Soldering: Here is what works!
Struggling with soldering and ruining your LED(s) and printed circuit board (PCB) or metal core printed circuit board (MCPCB) is easy to do without the proper tools, materials and soldering technique. To help avoid common issues with LED soldering we looked back on our 20 plus years of electronics experience and outlined here all the “dos & don’ts” for soldering to LEDs. Our intention is to help save you time, money and avoid frustration so maybe you try a second LED project with us! Additionally, there is a video at the end that shows the process in action.
Understanding Solder & Electrical Connections
Lets start simple…
Solder is a conductive material that melts around 400 degree Fahrenheit and allows two pieces of metal to connect in a circuit. A standard ‘point-to-point’ connection is two leads, lets say the cathode of an LED and the anode of a second LED twisted and soldered together; this is more efficient than simply just twisting leads together. Another common type of solder connection is found on PCBs and MCPCBs, where there are conductive traces in a board that lead to components where a solder connection is made. Most of the soldering we encounter is with LEDs on MCPCB, which you can see on the right and we show an example of in the video below.
Here is an important tidbit to remember…
Solder is normally 60 percent tin and 40 percent lead with a rosin flux core (center of the solder). The rosin core is worth mentioning because it removes impurities on the contacts and improves the electrical connection; basically, it helps the solder stick to the contact pad. Because getting solder to flow and stick to a surface is sometimes difficult, knowing the flux is in the center of the solder means you can help avoid that problem by purposefully melting the center of the solder directly to the surface. This gets the rosin flux on the surface first and aides in getting the solder to adhere to the surface.
Having & Maintaining the Right Tools for the Trade
Solder: We prefer solder with a 60/40 tin to lead composition and a thickness of 0.20mm. This thickness of solder is perfect for almost all our applications and it’s what we recommend. The details on the solder that we use are here.
Iron: Having a quality solder iron and different size tips makes any job easier and faster. Many of the issues we see coming from customers stem from cheap irons and small tips. If an iron isn’t powerful enough or the tip is too small, then the surface temperature never gets high enough to flow the solder evenly. We recommend at least a 30-watt iron, unfortunately these can be expensive and if you aren’t planning on doing much soldering, that expense can be difficult to justify. We do offer an inexpensive solder iron kit for those not wanting to invest several hundred dollars, but if you have a lot of soldering to do and want to minimize hassle and increase longevity, then do yourself a favor and buy a nice iron. For our own LED projects and the LED kits we build for customers we use an iron like this one.
Solder Iron Tip: Because not all solder pad surfaces are the same size, often solder irons come with interchangeable tip sizes; some have fine points and others have wider wedge style tips. Matching the size of the tip to the size of the surface can make heating up the solder pad much easier. If you are unable to get solder flowing on the pad, it’s probably because the iron tip is too small and not spreading the heat over a wide enough area.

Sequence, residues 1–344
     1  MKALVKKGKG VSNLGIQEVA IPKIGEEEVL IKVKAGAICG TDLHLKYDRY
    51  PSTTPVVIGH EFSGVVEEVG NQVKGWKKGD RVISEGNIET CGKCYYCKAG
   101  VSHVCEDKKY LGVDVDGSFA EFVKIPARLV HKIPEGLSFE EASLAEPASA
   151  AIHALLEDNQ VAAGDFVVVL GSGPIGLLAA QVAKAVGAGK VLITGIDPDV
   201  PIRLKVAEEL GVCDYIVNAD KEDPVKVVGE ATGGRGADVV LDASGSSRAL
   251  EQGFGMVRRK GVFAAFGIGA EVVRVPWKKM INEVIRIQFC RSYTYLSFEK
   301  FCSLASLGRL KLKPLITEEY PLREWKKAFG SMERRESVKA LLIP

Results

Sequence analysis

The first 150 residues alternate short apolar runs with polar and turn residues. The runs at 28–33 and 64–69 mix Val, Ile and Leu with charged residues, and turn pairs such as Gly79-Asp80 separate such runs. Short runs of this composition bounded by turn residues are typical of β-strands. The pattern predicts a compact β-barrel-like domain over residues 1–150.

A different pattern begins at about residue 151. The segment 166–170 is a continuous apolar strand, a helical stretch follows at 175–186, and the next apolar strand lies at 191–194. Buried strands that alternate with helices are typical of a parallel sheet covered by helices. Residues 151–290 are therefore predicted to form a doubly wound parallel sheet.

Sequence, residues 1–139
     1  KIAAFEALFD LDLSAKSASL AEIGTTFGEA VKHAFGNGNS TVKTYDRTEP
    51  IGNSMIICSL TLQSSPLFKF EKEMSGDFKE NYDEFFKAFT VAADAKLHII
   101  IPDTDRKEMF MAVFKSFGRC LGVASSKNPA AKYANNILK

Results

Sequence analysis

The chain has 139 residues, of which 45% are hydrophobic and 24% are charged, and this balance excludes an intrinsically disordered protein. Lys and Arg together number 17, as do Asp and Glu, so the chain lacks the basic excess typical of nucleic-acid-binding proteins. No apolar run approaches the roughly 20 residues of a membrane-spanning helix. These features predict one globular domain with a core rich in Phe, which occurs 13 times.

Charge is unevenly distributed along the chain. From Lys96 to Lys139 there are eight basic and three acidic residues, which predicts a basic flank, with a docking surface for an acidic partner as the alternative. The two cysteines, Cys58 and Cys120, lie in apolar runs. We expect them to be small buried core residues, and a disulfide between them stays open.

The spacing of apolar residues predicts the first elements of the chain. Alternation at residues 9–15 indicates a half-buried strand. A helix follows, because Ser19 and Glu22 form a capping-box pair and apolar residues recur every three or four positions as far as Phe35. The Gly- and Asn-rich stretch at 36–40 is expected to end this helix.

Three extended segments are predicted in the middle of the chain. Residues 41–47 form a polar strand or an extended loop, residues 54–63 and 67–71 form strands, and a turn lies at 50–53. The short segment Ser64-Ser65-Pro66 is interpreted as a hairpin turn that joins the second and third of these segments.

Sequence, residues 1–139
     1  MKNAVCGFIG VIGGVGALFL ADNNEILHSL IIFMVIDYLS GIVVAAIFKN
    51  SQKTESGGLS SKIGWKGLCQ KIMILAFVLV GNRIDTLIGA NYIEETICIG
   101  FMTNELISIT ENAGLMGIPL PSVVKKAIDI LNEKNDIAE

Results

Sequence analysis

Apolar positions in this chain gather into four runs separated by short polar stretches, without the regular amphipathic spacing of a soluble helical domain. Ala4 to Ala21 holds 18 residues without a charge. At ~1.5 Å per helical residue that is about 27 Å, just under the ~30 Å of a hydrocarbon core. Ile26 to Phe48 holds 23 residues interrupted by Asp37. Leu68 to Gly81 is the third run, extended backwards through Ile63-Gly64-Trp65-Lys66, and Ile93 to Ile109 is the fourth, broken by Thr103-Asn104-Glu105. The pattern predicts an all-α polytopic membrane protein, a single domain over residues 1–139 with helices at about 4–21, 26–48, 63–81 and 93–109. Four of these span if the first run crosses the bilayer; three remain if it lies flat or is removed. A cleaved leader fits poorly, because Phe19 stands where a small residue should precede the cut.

If your high-power LED(s) are going on a heat sink (which they often do) it makes sense to make your solder connections before securing the LED to the heat sink. When trying to solder to an LED that is already on a heat sink, the heat sink can sometimes absorb all the heat from the iron and make heating up the surface of the solder pad almost impossible.
Here is How to Solder to LEDs
Tin the Tip: Trying to solder without a tinned tip is futile. To properly tin the tip of an iron apply solder to the tip and coat it thick. The next step is to wipe off the excess solder with a wet sponge and finally reapply a little amount of solder to the tip again.
Clean Solder Surface: Obviously the more clean the surface, the better. Ideally make sure the surface is free of dirt, dust, epoxy or anything else.
Tin the Surfaces (Wires, Solder Pad or PCB): In our video we show an example of soldering wires to a Cree LED star, but before making the final connection the wire leads are first tinned. Similar to tinning an iron, the wires get a thin layer of solder applied to them; it’s important that the solder sticks to the wire. Remember the suggestion above about the rosin being in the middle of the solder; using the middle of the solder helps it stick to the wire better. Also, in the example in our video the solder pad surface getting tinned too. Apply a tinned tip iron to the solder pad and begin applying solder to the pad. The solder should flow evenly over the entire pad and once it does remove the iron and let the solder firm up.
Final Connection: At this point all the hard work is done. With a nicely tinned tip and surface, simply touch the two pieces being solder together with the iron. The solder on each surface should flow; quickly remove the iron and when the solder hardens, both the components should be soldered together.
Can Soldering be Difficult?
Yes. Don’t get too frustrated at first if you ruin a component or two – we have all done it! Remember that the irons are hot and LEDs don’t like too much heat. Be careful with the temperature settings on your iron and how long you apply the iron to the surface. Most of the time it shouldn’t take longer that a few seconds to get solder to flow and stick to a surface. If it takes longer stop and double check this post and watch the video again.
Help Add Tips?
If you have questions or suggestions of our own please leave a comment and we can add them to the post!
Soldering LEDs in a Video!